A Week in Parliament

Well, where to start with the latest UK Parliament shambles? There is rightful anger at Boris Johnson and his right-wing cabal suspending Parliament at such a crucial time. Thus, avoiding scrutiny and trying to run the clock down towards a no-deal crash out of Europe. In amongst this farce we also need to remember this falls within UK / British “democracy” and the “unwritten constitution”. It seems to have always been accepted that the Prime Minister’s representatives can ask the Queen to suspend parliament and that she should just oblige. This shows once more this archaic system of Government is not fit for purpose. I have previously expressed frustration about the summer recess at this critical time, let alone having another parliamentary break.

I currently have over 80 parliamentary written questions awaiting publication, as over the recess these do not get published/submitted for formal answer. Therefore, scrutiny really is suspended. Who knows what will get resolved in the short period back before Parliament is prorogued? Once parliament is suspended all legislation not formally passed falls away as well. This happened in 2017. Bizarrely, this means if the UK Government is to be truly ready to crash out of Europe without a deal, then it still has a whole load of legislation to pass. Critical stuff like the Fisheries Bill, an Agricultural Bill, and loads of secondary legislation. So it is incredible that they will need to try and do so in an extremely short period.

Some of the UK Government’s justifications for suspension are clear nonsense – it has been observed that Parliament would be in recess anyway for the Party Conference season. However, as this recess had not been agreed, a vote in Parliament would be required. Would Johnson win such a vote? Unlikely, so this process avoids the voting process. They also say it is normal for a new Government to have a Queen’s speech to reflect this new Government. However, it isn’t a new Government as such. It is a new Prime Minister sure, who has reshuffled the cabinet. However, they should actually be bound by their manifesto, and if they want to be so radically different then they should stand on an election platform to have that electoral legitimacy.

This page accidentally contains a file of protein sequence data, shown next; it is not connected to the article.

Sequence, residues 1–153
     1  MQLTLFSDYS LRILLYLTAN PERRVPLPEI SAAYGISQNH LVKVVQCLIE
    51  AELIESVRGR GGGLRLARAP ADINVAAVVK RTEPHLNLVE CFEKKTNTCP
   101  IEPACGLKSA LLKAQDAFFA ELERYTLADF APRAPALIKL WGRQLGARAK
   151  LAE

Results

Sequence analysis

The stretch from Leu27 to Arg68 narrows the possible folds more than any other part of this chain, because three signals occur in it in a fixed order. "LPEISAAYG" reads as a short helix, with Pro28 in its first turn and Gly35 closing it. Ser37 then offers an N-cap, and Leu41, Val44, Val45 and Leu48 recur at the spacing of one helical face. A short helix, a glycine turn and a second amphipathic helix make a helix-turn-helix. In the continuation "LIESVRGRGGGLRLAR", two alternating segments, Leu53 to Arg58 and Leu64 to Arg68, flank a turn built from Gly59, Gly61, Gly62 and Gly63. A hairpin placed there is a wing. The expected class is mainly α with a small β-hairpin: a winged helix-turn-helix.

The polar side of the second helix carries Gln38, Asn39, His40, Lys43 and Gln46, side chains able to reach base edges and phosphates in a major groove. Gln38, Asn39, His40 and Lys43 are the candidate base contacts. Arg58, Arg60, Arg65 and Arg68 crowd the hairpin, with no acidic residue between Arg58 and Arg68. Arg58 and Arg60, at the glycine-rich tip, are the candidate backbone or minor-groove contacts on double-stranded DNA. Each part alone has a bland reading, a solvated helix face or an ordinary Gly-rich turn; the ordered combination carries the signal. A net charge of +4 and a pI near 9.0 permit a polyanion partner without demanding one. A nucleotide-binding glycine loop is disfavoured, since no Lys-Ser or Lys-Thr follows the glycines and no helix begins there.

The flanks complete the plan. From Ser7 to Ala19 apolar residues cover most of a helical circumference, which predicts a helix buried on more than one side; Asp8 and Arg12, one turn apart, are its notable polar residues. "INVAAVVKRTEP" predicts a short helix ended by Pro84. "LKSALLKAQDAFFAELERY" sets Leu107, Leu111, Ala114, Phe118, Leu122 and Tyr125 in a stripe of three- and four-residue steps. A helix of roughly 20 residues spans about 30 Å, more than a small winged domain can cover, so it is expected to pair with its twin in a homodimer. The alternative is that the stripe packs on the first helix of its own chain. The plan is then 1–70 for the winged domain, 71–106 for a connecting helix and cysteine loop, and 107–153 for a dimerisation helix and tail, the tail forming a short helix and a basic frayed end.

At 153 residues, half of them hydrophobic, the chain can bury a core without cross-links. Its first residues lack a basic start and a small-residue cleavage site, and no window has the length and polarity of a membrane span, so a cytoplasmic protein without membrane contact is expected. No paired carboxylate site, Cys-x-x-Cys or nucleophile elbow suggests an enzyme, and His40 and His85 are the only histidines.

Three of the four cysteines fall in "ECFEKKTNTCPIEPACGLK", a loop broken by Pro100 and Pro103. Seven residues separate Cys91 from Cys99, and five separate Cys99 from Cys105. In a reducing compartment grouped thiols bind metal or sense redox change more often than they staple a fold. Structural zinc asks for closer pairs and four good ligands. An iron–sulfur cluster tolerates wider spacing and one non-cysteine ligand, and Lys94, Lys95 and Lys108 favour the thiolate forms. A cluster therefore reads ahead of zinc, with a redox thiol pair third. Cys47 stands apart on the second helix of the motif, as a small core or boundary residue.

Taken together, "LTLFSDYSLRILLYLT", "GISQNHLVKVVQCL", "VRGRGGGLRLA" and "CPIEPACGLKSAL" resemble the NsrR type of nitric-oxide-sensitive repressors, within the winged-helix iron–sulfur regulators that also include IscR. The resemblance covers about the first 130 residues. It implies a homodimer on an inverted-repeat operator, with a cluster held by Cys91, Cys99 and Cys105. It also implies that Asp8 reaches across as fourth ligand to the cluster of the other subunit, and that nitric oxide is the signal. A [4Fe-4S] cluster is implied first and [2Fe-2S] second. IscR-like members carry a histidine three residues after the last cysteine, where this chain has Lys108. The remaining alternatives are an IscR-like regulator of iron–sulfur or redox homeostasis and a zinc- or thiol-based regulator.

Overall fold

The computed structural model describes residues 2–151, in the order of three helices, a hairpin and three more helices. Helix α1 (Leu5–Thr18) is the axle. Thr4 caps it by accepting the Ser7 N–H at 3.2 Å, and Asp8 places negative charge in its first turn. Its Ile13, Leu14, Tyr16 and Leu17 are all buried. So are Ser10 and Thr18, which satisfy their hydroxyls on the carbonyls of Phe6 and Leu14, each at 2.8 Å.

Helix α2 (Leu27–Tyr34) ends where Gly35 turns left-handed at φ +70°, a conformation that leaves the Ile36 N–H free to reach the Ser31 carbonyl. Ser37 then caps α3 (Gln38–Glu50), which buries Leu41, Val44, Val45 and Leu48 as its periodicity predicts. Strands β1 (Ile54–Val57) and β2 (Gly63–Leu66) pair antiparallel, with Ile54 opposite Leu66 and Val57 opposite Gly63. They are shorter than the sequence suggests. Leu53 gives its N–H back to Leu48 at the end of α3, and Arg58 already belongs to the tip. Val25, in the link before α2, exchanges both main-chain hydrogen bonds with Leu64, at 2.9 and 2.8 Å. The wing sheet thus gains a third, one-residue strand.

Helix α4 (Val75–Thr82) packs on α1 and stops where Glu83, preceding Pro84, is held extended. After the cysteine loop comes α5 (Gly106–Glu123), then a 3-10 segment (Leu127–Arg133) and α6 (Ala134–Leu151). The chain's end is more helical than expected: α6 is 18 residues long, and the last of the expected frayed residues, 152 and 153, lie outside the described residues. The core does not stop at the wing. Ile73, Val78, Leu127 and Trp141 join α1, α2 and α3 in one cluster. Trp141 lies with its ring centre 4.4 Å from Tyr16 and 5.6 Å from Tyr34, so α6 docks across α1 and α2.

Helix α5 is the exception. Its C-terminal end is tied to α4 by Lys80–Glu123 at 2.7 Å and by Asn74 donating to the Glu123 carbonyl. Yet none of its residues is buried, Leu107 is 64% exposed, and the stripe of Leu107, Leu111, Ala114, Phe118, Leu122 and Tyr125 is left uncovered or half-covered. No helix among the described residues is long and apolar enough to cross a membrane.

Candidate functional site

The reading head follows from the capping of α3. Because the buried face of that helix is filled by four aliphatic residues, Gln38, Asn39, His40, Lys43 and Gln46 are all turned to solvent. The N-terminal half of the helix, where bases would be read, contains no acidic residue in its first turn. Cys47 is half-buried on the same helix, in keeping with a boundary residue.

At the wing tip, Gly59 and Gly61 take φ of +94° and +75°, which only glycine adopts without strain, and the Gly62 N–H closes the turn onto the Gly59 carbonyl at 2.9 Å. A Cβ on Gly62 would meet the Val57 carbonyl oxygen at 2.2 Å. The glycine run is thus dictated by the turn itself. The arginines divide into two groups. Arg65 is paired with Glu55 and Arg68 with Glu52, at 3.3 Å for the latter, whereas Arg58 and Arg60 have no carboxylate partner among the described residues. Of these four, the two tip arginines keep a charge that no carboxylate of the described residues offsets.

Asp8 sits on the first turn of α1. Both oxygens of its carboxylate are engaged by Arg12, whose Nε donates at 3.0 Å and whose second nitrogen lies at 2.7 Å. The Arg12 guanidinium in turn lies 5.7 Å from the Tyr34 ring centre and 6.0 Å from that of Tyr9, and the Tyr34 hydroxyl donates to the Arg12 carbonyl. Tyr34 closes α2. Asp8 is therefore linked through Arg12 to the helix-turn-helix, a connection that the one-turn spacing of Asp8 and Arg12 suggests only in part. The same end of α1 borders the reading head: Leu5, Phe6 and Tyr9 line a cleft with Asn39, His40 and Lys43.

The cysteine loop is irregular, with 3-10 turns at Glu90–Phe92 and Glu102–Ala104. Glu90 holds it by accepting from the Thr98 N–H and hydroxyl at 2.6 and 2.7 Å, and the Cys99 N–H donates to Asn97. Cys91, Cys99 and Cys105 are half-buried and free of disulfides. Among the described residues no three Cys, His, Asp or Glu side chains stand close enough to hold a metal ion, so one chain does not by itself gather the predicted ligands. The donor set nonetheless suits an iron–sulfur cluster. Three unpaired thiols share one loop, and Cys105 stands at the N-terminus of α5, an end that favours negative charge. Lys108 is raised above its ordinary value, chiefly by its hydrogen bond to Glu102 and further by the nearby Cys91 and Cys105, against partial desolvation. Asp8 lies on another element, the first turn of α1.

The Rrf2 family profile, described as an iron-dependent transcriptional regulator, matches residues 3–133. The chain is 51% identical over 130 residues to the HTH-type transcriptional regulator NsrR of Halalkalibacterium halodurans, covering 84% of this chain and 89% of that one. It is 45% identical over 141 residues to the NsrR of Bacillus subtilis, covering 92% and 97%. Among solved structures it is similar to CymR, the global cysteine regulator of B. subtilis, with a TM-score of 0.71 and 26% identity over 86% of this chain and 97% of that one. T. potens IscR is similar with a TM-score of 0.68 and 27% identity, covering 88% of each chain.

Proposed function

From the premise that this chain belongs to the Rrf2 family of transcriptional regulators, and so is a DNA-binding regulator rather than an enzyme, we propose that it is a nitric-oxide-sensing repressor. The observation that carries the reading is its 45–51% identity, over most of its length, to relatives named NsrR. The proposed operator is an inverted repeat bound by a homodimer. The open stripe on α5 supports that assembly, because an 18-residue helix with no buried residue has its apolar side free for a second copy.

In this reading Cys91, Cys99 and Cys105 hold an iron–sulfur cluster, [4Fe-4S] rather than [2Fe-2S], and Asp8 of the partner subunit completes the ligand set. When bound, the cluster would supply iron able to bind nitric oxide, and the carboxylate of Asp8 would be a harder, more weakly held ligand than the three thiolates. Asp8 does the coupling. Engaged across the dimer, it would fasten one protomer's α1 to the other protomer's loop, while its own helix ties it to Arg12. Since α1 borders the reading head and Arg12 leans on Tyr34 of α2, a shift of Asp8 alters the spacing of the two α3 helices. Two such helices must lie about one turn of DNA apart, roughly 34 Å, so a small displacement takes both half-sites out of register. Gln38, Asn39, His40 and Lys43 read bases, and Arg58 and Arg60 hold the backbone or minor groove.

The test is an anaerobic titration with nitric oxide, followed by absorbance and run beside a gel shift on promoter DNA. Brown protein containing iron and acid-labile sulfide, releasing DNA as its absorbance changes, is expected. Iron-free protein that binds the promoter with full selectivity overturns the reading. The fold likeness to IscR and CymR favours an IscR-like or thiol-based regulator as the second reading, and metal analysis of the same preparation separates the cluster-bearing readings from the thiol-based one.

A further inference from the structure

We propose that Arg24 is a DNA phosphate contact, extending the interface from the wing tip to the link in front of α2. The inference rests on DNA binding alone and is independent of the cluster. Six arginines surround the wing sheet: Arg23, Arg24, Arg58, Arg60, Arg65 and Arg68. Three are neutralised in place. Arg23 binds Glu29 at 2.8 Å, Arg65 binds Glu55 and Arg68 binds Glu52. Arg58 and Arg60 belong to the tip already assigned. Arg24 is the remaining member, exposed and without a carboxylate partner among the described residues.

Meanwhile, given Johnson has no working majority at Westminster and that many more MPs still within the Tory party are determined to work against him in key votes to try and prevent a No Deal crash out, it seems inevitable that there will be another general election, either just before, or just after the October 31st date. If this does come to pass, and I am lucky enough to be reselected by the SNP, it will mean I will have fought two additional general elections, in a time period which should still have been my first term in office as an elected MP under the fixed term parliamentary system. Not only is this a demonstration of how unstable UK politics is but it makes a mockery of the Tories lecturing the SNP previously about “now is not the time” regards a referendum, given they are forcing elections whenever suits them.

These views were first expressed in the Kilmarnock Standard.